News Bits: Dell Loses Consumer Notebook Sales, San Fran Cancels Wi-Fi, Data on an Atom

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Delays cause Dell’s consumer laptop sales to drop by 20%

Dell sold 887,000 notebooks to consumers during the second quarter. Last year at the same time, Dell sold 1.1 million more notebooks, about 20% more. Rival HP sold 2.4 million notebooks in Q2,  Apple also sold more notebooks than Dell at 1.1 million. Dell’s site suffered thousands of complaints from many impatient customers complaining about long delays.

Customer Bryant J posted "I have several of these Inspirons that I’ve ordered for personal stuff, and it’s approaching 60 days since the order date. I’m the IT director for a large account with you guys, and this is the last straw. You’ve lost me as a customer." Dell blames some of the problems on short supply for certain LCD panels. The company appears to be selling notebooks faster than their suppliers are capable of building the computers.

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Thanks to Jason for submitting this story

Quanta expects 15% sequential growth in notebook shipments

Quanta Computer expects a 15 percent sequential increase in notebook shipments, up from the 7.4 million the company shipped in Q2. The company expects its notebook shipments to grow an additional 20 percent in 2008.

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Retail notebook sales increase 24% for 2007 over 2006, but slower growth seen

The back-to-school notebook PC sales have begun to slow down according to The NPD Group. For the first five weeks of the back-to-school season (July 15 – August 18), notebook sales were up 24 percent in units/11 percent in dollars, although the average selling price was down 10 percent. The same time period in 2006 saw a 48 percent increase in units/15 percent in dollars, with the average selling price down 22 percent.

Vice president of industry analysis for The NPD Group said in a statement that Notebook sales have exhibited strong growth the past few years, but you can only keep that 50 percent plus growth going for so long."

Price is another factor – average selling prices are not going down as fast as they used to go in recent years, so the deals are not as attractive.

Other reasons for the slower back-to-school season include less promotional activity for both notebooks and desktops, as well as fewer computers being on the shelves in stores.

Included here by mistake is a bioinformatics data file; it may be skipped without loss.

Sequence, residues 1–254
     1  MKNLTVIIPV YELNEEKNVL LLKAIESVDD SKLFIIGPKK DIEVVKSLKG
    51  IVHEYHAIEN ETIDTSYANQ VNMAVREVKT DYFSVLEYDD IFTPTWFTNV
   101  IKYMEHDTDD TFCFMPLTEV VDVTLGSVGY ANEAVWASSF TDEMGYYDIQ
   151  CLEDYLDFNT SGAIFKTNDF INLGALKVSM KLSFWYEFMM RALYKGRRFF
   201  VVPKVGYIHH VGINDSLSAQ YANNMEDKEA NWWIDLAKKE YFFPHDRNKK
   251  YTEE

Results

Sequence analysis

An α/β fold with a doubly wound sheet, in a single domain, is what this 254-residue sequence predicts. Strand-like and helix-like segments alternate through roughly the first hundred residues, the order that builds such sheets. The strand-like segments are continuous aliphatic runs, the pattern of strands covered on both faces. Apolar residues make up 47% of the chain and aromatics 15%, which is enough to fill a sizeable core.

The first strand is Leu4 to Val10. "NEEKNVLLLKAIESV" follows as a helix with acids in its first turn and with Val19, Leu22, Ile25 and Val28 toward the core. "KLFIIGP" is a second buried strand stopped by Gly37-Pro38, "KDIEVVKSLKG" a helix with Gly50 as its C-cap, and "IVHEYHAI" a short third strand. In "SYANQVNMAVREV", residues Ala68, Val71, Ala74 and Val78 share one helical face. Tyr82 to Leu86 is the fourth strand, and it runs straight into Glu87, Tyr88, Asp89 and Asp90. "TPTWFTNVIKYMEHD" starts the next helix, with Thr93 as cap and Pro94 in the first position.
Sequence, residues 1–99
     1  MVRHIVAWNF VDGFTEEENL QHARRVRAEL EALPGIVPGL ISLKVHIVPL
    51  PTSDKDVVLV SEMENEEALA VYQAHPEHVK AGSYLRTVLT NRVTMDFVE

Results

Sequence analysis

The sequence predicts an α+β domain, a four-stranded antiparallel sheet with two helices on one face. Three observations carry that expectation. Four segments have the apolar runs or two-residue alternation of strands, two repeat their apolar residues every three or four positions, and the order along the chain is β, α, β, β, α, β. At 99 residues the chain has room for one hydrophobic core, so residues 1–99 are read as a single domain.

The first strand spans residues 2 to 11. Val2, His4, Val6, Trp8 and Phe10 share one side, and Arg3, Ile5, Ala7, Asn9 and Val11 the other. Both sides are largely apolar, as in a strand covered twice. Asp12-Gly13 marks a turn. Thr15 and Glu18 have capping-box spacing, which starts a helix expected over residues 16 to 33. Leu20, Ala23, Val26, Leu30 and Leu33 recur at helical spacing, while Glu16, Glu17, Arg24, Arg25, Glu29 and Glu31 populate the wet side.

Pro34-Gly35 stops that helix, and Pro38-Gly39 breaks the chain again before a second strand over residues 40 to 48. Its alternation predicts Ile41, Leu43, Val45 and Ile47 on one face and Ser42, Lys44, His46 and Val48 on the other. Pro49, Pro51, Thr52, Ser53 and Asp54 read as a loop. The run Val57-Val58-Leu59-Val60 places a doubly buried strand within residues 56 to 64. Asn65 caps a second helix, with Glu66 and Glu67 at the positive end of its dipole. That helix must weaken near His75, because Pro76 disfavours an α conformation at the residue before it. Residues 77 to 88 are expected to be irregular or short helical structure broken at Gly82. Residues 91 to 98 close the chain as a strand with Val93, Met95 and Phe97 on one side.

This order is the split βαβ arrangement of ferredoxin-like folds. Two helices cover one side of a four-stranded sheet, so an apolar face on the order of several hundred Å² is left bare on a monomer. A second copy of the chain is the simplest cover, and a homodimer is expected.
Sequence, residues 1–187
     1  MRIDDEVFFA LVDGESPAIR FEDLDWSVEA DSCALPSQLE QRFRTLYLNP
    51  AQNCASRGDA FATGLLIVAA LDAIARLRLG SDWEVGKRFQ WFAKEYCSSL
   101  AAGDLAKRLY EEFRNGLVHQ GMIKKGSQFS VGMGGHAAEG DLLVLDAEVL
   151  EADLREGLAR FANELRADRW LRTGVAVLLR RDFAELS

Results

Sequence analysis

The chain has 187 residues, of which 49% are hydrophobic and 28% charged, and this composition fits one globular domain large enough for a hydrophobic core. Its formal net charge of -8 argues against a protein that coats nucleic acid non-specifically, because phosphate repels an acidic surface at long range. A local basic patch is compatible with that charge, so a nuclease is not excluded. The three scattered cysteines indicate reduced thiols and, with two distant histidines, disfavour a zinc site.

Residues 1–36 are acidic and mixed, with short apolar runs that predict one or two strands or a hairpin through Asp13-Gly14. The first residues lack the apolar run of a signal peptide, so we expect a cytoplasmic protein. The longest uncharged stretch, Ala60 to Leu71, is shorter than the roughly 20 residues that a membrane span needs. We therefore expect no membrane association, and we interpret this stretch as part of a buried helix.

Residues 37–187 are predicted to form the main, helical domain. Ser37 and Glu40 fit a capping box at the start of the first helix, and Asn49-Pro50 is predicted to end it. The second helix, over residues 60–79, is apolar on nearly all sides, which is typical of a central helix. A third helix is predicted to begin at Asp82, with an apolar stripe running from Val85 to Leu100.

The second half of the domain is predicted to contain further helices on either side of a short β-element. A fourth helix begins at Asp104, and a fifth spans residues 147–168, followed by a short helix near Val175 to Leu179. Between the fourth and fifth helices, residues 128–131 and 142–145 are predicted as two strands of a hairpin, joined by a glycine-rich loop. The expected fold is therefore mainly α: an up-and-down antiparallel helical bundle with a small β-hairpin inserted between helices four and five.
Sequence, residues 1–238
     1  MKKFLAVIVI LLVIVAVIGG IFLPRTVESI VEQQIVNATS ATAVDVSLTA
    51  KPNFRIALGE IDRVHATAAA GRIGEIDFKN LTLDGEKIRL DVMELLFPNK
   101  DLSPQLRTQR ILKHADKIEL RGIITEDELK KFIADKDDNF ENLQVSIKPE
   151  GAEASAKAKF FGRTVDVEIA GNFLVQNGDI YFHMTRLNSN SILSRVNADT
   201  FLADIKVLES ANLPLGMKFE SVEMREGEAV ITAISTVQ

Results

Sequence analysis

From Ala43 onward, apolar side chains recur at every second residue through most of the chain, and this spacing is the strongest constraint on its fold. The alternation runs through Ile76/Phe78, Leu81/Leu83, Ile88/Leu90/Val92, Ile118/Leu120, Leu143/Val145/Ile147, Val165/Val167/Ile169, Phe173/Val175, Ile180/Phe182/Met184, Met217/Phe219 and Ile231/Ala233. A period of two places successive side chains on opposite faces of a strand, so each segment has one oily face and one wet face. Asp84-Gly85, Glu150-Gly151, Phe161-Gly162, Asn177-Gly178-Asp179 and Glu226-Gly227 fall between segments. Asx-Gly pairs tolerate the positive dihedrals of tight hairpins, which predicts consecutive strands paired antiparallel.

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San Francisco city Wi-Fi plans halted

The free citywide Wi-Fi idea that San Francisco Mayor Gavin Newsom presented two years ago has not gone far. The plans for the project have been halted by city politics and business challenges. Earthlink was supposed to build the network but backed out this week. The Internet service provider is currently being restructured after disappointing business results. Google, who was supposed to provide the free service while Earthlink was going to provide the faster but for pay service, has not commented on Earthlink’s backing out.

Although the project appeared to make progress in January when San Francisco and Earthlink signed a contract, the plan was never voted on by the city’s Board of Supervisors. Many backers of the project are disappointed with Earthlink’s decision because the plan was almost ready to be voted on.

Although the plan is not going anywhere at the moment, it has not been abandoned yet. In November, a non-binding ballot will ask citizens if they want free Wi-Fi – politicians could be compelled to create a new plan if there is a high enough percentage of yes votes.

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New York State gets faster Sprint Mobile Broadband access

Customers across parts of New York State are now using a faster mobile broadband network from Sprint. Sprint Mobile Broadbanc with EV-DO Rev. A allows customers to browse the Internet and download large Email attachments.

For detailed information on which areas of New York State that have Sprint Mobile Broadband access, see the link below.

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IBM Stores data on an atom

IBM’s Almaden Research Center in San Jose discovered how to store data on a single atom. The company also stated that they used a single molecule as a switch, that could possibly replace transistors in the future. Building off this technology, one day it might be possible to make processors the size of a dust particle. According to IBM spokesman Matthew McMahon, the technology is at least 10 years away from being used.

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Special thanks to forum moderator Jason for submitting this story



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